Does a family trust protect my home against relationship property claims? 20 May 2013
You may have heard that trusts are a good protector of homes against relationship property claims. Indeed they may be – but they are not watertight protection. There are various ways that a trust can be attacked. It is therefore important to be aware of these situations so that you are less likely to fall victim to one of them.
Transfers of relationship property to a trust
If you have:
- Transferred “relationship property” to a trust since the beginning of your marriage or de facto relationship; and
- That transfer has defeated the claim of your partner i.e. they cannot claim an interest in it because it is now owned by a trust rather than their partner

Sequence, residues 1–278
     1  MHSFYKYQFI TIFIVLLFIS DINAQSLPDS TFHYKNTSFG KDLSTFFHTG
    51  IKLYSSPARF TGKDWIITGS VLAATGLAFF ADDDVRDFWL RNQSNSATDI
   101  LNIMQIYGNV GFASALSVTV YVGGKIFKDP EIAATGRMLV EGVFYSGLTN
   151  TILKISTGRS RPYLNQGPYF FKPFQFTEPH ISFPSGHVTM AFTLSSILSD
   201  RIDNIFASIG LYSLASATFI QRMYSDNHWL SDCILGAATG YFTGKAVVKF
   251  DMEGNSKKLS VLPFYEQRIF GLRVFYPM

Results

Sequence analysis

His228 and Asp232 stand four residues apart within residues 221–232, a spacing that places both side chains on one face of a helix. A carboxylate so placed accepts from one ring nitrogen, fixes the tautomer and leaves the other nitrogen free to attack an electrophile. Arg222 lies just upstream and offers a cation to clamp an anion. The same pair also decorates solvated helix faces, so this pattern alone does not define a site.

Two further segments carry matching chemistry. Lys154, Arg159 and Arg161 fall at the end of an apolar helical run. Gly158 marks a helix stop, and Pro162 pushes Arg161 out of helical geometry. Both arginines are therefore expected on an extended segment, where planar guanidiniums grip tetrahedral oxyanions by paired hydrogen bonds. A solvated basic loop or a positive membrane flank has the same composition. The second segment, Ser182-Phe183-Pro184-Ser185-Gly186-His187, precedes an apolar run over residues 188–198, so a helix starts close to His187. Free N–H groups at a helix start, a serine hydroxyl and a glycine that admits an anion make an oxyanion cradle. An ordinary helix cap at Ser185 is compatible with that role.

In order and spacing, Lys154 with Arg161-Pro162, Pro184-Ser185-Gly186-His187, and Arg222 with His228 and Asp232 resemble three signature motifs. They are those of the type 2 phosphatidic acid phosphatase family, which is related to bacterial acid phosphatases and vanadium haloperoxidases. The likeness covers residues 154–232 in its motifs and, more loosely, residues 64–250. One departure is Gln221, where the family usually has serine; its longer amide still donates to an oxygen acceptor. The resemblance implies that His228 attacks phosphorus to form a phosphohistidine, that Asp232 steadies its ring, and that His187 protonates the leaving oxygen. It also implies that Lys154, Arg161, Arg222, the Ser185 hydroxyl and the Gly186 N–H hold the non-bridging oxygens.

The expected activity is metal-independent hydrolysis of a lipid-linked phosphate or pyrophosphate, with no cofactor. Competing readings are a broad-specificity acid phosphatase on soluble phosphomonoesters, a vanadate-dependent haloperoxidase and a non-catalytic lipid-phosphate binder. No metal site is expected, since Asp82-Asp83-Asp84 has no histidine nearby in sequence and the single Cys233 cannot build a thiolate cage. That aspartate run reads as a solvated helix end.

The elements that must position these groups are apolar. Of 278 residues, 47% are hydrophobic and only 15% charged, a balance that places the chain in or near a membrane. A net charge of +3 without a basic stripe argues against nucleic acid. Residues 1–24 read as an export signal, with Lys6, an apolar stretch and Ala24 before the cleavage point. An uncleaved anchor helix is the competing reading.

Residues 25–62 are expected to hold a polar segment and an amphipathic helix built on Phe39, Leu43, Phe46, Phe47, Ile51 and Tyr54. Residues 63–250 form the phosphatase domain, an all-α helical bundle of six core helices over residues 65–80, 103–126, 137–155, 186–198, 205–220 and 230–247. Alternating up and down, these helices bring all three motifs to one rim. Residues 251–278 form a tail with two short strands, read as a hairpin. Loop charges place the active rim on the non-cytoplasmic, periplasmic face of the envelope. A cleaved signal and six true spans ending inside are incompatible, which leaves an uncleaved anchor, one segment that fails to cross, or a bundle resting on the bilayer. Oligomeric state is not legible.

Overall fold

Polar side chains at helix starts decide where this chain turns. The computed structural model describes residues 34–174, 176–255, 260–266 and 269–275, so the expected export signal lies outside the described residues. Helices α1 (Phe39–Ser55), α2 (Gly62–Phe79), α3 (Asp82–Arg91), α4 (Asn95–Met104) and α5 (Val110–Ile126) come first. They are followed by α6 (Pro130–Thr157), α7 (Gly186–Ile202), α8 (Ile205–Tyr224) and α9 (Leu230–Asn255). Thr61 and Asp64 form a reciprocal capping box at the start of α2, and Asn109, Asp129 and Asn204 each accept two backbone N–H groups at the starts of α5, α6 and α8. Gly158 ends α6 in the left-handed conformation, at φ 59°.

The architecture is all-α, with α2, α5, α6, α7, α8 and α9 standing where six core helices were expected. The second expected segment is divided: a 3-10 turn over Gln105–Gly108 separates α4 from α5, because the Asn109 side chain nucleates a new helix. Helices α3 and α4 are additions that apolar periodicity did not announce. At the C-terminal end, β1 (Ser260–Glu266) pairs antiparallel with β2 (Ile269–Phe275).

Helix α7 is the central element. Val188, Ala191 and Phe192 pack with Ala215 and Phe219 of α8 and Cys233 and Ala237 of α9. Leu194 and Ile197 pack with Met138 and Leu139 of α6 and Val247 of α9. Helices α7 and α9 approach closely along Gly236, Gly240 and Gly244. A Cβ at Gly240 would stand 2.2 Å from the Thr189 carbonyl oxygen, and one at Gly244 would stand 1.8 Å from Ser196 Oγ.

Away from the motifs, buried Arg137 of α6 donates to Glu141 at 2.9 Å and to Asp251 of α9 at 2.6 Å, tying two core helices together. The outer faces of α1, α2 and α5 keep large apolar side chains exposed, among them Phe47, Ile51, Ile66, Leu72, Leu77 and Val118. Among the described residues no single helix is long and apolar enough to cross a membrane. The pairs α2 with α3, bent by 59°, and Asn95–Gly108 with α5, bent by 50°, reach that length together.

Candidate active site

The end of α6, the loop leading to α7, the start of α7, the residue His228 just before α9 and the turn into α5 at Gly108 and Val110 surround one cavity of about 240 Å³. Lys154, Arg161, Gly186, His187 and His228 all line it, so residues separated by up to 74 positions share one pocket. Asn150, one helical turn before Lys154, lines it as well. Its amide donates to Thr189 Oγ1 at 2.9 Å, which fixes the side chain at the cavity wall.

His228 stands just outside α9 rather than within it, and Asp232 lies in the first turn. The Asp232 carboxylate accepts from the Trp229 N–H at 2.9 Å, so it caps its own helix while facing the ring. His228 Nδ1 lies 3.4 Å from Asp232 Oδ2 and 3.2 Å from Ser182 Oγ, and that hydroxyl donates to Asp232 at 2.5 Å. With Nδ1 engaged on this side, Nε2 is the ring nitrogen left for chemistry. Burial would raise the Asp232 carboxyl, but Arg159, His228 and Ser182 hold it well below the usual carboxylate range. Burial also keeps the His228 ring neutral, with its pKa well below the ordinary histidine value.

then the Court can require you to compensate your partner or order the trust to pay income to him/her.
One of the key pitfalls to be aware of is that a family home is always classified as relationship property. So, if you decide to protect your home and transfer it to a trust after you are already living together with your partner in the property, this may be too late. The home has already become the family home and your partner may have an entitlement under this scenario.
Transferring property in order to defeat your partner’s claim
This is a broader test than the previous one. If there has been a transfer of property made (it is not restricted to trusts) in order to defeat any person’s relationship property claim, then the Court can overturn this transfer.
The property need not be relationship property at the time it is transferred to the trust. What is needed is: